Courtesy of Janet Van Ham
From his brutal political criticisms to his severe distaste for religion, Bill Maher might be off-putting to some. But for the host of HBO’s “Real Time with Bill Maher” who has received more than 20 Emmy nominations, it’s all in good humor.
Maher, who is also minority owner of the New York Mets, is scheduled to perform 8 p.m. Saturday at Palace Theatre.
“It’s just something about making people laugh that even to this day in my life has never gotten old,” Maher said.
Growing up in New Jersey, Maher said he always knew he wanted to be a comedian, but hesitated to come forth with it.
“I always wanted to be a comedian as far back as I can remember. And I never said anything because I was just too shy and worried that people would make fun of me about having such a lofty ambition,” he said.
Maher credited his father, a radio newsman, for his pursuit of comedy and specifically for focusing on political humor.
“When it comes to looking for comedy material, there’s no better place than politics with the possible exception of religion. Those are the two areas that are just so ridiculous,” Maher said. “People are always doing such ridiculous things that you never have to worry about lacking in material.”
Maher said he never struggles to come up with new material because he feeds off the news, but it was a struggle at first to get his 2008 comedic documentary film “Religulous” produced.
Maher said it took about a decade for him to track down a suitable director and studio “brave” enough to produce the movie. Larry Charles, who also directed “Borat” and “The Dictator,” directed the film and LionsGate Entertainment produced it.
Now the seventh highest grossing documentary ever made, Maher said of “Religulous,” “The motivation was simple and obvious: I find religion stupid and dangerous.” The film centers on Maher traveling throughout the nation interviewing random people and those in religious careers about religion, at times challenging their beliefs.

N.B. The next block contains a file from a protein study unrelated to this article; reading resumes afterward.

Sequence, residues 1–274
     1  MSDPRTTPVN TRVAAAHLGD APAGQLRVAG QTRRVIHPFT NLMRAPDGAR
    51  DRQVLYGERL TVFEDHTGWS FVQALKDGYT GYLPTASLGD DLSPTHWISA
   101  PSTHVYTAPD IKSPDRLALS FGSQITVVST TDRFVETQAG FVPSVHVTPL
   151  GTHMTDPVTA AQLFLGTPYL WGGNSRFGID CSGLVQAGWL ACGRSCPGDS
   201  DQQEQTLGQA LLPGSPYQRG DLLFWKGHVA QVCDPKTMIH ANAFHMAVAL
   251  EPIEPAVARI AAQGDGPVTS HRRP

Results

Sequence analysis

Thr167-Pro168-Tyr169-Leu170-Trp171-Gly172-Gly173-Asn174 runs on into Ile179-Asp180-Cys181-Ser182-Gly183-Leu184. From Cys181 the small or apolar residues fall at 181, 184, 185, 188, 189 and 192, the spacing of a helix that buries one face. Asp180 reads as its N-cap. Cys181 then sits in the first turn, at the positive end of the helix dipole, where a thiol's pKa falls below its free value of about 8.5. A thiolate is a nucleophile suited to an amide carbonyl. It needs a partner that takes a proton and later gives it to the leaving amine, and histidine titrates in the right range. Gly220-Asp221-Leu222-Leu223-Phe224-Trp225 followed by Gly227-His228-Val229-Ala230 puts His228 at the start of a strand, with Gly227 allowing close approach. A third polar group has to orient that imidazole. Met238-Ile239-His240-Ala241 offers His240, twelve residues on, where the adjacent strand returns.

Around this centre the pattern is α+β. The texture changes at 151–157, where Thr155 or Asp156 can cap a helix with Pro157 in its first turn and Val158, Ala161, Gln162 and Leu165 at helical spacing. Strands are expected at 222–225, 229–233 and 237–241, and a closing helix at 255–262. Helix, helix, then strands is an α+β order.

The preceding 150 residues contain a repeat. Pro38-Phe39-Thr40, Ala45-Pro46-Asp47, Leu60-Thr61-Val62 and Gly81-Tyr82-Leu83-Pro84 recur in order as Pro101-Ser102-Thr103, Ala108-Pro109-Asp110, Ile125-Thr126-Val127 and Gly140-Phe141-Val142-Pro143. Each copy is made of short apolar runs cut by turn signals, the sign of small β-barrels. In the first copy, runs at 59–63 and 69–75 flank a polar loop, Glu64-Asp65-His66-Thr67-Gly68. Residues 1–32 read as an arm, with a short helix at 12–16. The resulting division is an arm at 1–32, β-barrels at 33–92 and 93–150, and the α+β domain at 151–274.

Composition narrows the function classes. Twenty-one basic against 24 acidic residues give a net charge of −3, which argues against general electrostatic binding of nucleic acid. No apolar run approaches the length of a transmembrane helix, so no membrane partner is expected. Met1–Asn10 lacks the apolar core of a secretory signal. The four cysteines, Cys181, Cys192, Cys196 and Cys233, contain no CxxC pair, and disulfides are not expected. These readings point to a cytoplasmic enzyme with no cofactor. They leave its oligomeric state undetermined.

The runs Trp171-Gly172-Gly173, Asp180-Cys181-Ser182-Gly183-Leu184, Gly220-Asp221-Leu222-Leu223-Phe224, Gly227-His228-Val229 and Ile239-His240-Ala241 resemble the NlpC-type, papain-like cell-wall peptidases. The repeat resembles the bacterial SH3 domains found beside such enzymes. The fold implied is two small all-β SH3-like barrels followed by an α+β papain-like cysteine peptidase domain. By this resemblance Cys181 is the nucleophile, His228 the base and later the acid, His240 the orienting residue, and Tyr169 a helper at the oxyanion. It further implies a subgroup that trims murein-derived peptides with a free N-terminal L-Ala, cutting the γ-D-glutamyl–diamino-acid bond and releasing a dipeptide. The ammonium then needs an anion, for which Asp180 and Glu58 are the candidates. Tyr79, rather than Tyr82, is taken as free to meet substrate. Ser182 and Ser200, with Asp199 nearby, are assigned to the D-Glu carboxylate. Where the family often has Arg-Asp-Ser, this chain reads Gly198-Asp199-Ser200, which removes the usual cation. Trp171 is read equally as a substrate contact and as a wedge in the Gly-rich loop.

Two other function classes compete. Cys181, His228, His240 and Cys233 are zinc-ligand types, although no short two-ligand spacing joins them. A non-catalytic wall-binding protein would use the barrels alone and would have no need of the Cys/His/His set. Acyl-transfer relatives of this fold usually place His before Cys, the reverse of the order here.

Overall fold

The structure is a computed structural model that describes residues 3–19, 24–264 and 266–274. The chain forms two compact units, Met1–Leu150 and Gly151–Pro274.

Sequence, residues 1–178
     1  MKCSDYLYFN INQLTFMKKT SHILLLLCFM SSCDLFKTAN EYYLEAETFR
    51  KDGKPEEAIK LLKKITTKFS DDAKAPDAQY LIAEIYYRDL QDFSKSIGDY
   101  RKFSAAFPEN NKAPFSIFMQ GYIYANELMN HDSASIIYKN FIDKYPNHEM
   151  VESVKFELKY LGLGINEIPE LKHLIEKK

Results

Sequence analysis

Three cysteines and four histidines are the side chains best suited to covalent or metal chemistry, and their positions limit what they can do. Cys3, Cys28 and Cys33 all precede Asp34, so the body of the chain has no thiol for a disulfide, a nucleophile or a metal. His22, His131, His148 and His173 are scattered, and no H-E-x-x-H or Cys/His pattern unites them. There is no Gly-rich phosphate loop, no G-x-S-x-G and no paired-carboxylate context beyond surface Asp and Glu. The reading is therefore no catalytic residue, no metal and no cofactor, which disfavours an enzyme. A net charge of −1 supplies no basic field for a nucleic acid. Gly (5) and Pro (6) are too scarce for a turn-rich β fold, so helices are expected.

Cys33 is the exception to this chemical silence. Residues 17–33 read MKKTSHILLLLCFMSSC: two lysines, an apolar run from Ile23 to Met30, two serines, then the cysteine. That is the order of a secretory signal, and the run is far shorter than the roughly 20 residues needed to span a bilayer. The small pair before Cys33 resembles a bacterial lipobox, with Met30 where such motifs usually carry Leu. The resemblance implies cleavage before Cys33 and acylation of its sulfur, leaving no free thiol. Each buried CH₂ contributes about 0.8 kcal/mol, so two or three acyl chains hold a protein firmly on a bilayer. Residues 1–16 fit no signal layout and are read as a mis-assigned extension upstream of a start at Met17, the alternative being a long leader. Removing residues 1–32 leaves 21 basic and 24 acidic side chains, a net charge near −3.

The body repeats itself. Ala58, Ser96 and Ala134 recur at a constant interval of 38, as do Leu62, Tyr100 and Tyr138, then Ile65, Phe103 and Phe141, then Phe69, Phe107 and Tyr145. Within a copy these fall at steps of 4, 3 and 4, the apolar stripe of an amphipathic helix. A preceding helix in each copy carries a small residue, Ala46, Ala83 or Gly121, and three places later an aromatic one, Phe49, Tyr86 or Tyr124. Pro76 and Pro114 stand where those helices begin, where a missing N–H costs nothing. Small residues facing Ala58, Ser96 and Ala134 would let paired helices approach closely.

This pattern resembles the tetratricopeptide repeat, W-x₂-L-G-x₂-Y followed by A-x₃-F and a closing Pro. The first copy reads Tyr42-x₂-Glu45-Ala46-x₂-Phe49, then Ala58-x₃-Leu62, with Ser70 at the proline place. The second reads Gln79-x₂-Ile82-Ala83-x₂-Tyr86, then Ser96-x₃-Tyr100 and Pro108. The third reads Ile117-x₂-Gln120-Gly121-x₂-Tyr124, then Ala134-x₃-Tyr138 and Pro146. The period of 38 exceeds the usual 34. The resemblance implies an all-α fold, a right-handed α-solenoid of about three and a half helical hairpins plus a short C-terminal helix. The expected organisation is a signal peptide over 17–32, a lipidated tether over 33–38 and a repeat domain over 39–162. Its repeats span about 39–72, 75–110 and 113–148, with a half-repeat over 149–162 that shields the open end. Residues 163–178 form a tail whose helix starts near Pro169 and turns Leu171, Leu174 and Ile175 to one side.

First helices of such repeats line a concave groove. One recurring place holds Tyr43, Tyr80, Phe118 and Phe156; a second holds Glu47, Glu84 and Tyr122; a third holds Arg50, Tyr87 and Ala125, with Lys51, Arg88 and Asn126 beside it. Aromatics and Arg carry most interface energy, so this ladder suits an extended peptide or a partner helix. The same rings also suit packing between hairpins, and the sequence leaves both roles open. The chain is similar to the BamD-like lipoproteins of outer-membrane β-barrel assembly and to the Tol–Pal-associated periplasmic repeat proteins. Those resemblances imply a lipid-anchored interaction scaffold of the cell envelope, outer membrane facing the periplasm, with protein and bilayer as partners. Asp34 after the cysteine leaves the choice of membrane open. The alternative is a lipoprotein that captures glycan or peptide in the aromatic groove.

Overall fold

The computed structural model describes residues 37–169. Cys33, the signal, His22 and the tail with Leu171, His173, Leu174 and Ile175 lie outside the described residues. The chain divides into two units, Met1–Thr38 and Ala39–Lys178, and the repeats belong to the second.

“I think I was the only one who was going to make that movie,” Maher said. “Among Western nations, we’re pretty much the only one that’s still very religious and it retards our growth in so many ways and hurts our nation, so I felt it was an important message.”
He also said the stand-up he has prepared for Columbus will deal with similar subject matter in politics and religion, but his aim won’t be toward getting a message across as he often does on camera.
Although some Ohio State students aren’t familiar with Maher, a few said they might be interested in attending the show given their enjoyment of comedy.
Courtney Kessler, a 2012 OSU alumna in zoology, said she has never heard of Maher, but from watching political humor on shows such as “The Daily Show with Jon Stewart” and “The Colbert Report,” she said she will probably look into what Maher has to offer.
Megan Lyon, a fourth-year in hospitality management, said heavy religious or political humor isn’t her favorite and she turns to comedians such as Ellen DeGeneres and Louis C.K. for laughs. “They just mess with people,” she said. “I do watch more (comedy on) TV, but I’m not opposed to going to stand-up. I like that too.”
Maher said his goal is to just make people laugh when he does stand-up, which is something he never gets tired of.
“The audience can expect to laugh very hard for a long time,” he said. “That’s what they’re paying for and that’s what they’re going to get.”
Tickets are priced from $50 to $80 and are available at ticketmaster.com.